How to Turn Dry Jan Into a Year of No Drinking, According to Someone Who Did

No drinking for a year Sangeeta Kocharekar

I woke up on New Year’s Day 2023 hungover. I couldn’t remember chunks of the night before, nor how I’d even gotten home. After my friend Vicky, who was visiting from Queensland, explained that another friend had kindly walked me home, even making sure I was safely inside, Vicky asked if I wanted to head to the beach. I tried to stand but I felt so dizzy that I had to lay back down.

I didn’t move for the rest of the day. My mind was swirling with thoughts about what I might’ve done or said the night before. I felt guilty for not spending time with Vicky. Annoyed at myself for having to waste the day in bed.

The next couple of days, I still felt out of it and could barely stomach food, let alone another drink. I decided to try for a month off drinking. Somehow, the month flew by, and I still didn’t feel ready for a drink. So, I did February off booze too. And then March. And then April. Before I knew it, I’d done a year and was celebrating New Year’s Eve once again without even a glass of sparkling in hand.

I’m now writing this in January 2024 and have yet to have a drink. I’m not sure when I’ll start again — if ever. My life has improved immensely since I stopped and I think drinking would only stand in the way of what I want to achieve.

If you too are thinking about turning your Dry January into a year of no drinking, or maybe you drank in January but are thinking about giving it up another month or forever, read on for my tips on how to uphold your quitting and how I managed to stop drinking for a whole year.

Up Your Self-Care

I loved my self-care routines — taking a long bath after work or spending a Friday night in with a hair mask and a good book — even before I quit drinking. Now, I treat myself more to massages, blow dries and manis and pedis, knowing I’m saving on not drinking. I think of pampering myself as a reward for not drinking, which helps me resolve to keep it up.

Exercise More

When you quit drinking, you might find you have a lot more time on your hands, especially on weekend mornings when you wake up fresh as a daisy, bouncing with energy. I filled these mornings with pilates at a studio near me, which certainly isn’t cheap. But again, I justified its membership price tag by the fact I was saving on not drinking.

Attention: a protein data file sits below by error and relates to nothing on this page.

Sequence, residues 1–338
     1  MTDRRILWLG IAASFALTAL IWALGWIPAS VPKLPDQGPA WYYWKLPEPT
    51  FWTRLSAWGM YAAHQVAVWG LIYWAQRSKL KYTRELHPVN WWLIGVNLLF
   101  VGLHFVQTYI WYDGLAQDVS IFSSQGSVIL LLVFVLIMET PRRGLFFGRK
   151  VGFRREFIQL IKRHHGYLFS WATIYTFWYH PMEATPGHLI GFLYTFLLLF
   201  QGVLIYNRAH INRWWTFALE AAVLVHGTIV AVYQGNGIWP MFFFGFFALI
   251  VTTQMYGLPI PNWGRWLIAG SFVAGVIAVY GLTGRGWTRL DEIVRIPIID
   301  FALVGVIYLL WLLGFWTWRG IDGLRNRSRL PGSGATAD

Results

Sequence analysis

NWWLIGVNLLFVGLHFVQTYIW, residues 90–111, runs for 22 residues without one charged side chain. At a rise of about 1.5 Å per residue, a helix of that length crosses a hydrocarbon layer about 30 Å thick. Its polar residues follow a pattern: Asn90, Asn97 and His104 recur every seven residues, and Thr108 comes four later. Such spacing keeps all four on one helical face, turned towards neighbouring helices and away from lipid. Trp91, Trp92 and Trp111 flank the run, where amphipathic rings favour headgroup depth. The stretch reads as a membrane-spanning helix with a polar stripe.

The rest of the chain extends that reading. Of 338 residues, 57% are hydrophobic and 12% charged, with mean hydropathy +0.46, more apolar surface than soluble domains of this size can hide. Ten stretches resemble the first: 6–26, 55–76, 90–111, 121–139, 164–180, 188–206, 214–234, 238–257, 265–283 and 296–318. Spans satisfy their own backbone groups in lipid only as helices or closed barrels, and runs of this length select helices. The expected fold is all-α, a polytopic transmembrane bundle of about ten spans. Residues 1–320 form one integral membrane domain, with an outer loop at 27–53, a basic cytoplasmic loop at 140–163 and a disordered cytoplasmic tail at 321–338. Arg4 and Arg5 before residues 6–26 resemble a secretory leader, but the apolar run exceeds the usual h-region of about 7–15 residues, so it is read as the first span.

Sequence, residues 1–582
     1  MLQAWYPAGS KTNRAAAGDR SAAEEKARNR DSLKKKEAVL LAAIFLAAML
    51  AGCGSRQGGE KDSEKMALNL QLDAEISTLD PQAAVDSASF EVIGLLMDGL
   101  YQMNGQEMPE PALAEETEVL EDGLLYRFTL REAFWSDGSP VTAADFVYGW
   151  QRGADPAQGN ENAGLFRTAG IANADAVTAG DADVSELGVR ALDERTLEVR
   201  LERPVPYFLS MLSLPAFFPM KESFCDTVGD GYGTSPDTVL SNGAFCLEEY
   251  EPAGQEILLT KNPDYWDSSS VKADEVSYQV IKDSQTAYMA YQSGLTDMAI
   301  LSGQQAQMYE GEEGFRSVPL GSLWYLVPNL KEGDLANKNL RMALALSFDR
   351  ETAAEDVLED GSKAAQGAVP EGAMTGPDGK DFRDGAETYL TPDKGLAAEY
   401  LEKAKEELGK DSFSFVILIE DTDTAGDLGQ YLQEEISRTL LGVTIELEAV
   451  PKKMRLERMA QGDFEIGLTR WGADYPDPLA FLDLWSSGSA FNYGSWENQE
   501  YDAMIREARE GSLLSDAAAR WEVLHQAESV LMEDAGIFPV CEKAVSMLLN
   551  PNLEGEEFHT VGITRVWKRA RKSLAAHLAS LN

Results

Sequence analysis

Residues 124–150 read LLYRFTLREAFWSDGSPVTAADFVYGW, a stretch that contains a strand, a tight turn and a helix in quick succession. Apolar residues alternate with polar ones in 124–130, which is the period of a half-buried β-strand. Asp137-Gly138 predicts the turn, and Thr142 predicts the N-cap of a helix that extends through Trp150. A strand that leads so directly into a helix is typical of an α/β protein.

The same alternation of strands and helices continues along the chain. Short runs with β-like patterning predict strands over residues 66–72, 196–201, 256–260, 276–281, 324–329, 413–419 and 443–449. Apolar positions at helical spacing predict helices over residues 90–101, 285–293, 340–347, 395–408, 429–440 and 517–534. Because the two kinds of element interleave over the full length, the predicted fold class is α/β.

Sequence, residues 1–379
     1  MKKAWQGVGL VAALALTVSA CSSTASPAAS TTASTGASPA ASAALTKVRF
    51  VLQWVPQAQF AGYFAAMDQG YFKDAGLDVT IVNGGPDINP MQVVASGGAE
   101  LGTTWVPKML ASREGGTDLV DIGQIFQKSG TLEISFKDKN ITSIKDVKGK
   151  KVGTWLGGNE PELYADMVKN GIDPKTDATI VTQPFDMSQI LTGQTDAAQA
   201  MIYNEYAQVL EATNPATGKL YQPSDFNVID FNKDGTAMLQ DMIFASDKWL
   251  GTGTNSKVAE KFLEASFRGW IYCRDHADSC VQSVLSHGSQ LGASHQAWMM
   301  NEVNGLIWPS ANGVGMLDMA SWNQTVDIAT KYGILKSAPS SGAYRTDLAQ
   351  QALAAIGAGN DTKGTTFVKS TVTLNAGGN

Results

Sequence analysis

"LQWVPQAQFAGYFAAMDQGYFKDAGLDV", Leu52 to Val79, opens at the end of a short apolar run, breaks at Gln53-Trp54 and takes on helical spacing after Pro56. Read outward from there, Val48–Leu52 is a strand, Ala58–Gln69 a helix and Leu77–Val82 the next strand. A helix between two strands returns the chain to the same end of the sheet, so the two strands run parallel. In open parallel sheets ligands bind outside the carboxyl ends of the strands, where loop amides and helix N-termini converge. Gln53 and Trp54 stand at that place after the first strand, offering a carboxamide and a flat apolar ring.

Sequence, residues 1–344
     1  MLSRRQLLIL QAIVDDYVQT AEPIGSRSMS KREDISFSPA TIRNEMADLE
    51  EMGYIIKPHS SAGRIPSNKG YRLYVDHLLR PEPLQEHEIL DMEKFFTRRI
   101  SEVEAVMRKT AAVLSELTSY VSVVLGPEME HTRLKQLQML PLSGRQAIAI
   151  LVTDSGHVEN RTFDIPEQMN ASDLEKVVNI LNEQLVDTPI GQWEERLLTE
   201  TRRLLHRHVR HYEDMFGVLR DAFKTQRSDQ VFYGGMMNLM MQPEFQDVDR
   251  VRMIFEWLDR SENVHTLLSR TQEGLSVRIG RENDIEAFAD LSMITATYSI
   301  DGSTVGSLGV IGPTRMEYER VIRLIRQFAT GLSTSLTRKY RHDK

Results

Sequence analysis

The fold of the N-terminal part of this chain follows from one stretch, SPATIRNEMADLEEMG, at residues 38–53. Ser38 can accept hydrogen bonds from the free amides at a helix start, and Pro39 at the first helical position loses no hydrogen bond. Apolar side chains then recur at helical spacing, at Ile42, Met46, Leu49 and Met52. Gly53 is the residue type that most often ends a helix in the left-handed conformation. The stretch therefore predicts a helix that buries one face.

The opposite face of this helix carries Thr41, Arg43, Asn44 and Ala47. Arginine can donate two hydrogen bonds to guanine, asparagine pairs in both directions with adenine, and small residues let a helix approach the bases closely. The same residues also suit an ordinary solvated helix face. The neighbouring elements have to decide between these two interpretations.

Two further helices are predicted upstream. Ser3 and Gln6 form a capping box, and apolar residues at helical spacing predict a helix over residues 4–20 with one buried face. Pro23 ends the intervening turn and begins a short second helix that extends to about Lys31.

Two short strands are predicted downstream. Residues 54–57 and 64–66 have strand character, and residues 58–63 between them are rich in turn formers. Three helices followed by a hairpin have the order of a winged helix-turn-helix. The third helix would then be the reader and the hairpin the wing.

Find Drink Alternatives You Love

I tried a lot of alcohol alternatives last year and, out of everything I tried, I’ve decided to stick to plain sparkling water, NON and, on special occasions, non-alcoholic sparkling. I was never a big juice drinker and didn’t love cocktails (other than espresso martinis), so when I ordered sugary, non-alcoholic drinks because I felt like that’s what I should do, I felt like I was forcing myself. NON isn’t wine with alcohol removed, it’s its own drink combination and the natural fizz in the bottles makes it feel like I’m drinking sparkling.

Rediscover Childhood Joys

When I was a kid, I used to love going to the library and taking home a stack of books. I used to love babysitting. I loved going op-shopping. Then I discovered drinking and stopped doing a lot of those activities that used to make me so happy. Last year, I rediscovered them. I felt like I was getting back in touch with the person I used to be before I started drinking. 

Be Okay to Smokebomb

When you stop drinking, you get tired and often bored a lot more quickly on a night out. I found that while my friends who were drinking at dinner would be happy to sit at the table for hours after the meal was finished, I soon became ready to leave. While at first, I felt annoyed at myself that I wasn’t having fun, I learnt to be compassionate with myself and be okay with wanting to go home when I got tired. There was no drink high pushing me to stay up and that was fine. To avoid arguing with drunk people who might try to convince me to stay, I would often check they were safe and then just smokebomb (leave without telling anyone).

Be Kind to Yourself

On not beating myself up for not having fun being sober at parties, in general, when you give up drinking, be kind to yourself. It can feel uncomfortable to break a habit of having a drink in hand at a party, a wine at dinner with everyone else or, for me, a little “who knows where this night will end up” to an event. Remember though that the period of feeling uncomfortable will probably be far shorter than that of being hungover the next morning.

Really Think About the Good in Drinking

Finally, think about what good has come from drinking. Sure, you might occasionally have an amazing night and meet some new friends or even a potential partner, but what about all those other nights? Did you need that last drink right before you went home at 4am?

I do believe in “you’re only young once” and doing whatever you feel you need to experience, which might be nights where you have too much and make mistakes. But I’m saying that if you take stock of the benefits that come from regular drinking, you’ll find that they don’t amount to much.

When I’m asked when I’ll drink again, I always respond, “When I think the benefits of drinking outweigh those that come with not”. And I don’t see that happening anytime soon.

Related: 3 Women on the Moment They Decided to Quit Drinking and What Life’s Been Like Since

Related: I Haven’t Had a Drink in Over 3 Months — This Is How I’m Feeling

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